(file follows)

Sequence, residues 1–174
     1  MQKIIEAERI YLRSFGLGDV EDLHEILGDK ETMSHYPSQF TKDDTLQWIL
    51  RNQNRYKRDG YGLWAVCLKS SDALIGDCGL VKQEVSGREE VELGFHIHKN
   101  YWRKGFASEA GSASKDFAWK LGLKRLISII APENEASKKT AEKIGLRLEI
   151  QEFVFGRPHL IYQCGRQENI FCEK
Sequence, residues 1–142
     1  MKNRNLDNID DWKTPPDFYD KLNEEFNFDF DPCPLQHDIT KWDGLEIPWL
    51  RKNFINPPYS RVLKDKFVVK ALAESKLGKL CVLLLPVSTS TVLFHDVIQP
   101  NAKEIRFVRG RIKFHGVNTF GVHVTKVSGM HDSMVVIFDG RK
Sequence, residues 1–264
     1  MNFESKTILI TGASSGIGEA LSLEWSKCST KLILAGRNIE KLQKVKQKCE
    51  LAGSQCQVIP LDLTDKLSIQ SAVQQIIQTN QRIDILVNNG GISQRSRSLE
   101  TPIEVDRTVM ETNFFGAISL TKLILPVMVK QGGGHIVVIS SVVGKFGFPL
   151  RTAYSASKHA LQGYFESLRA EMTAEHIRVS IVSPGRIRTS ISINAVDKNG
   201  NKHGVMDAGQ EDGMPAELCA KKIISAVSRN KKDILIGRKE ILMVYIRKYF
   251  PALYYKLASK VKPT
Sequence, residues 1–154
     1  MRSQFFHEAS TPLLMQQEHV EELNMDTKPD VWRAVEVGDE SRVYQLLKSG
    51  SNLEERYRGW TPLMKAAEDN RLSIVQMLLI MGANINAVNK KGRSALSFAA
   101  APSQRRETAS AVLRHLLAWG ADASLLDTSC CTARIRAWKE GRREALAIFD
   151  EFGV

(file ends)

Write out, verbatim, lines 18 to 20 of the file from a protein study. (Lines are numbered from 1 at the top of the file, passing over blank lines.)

     1  MRSQFFHEAS TPLLMQQEHV EELNMDTKPD VWRAVEVGDE SRVYQLLKSG
    51  SNLEERYRGW TPLMKAAEDN RLSIVQMLLI MGANINAVNK KGRSALSFAA
   101  APSQRRETAS AVLRHLLAWG ADASLLDTSC CTARIRAWKE GRREALAIFD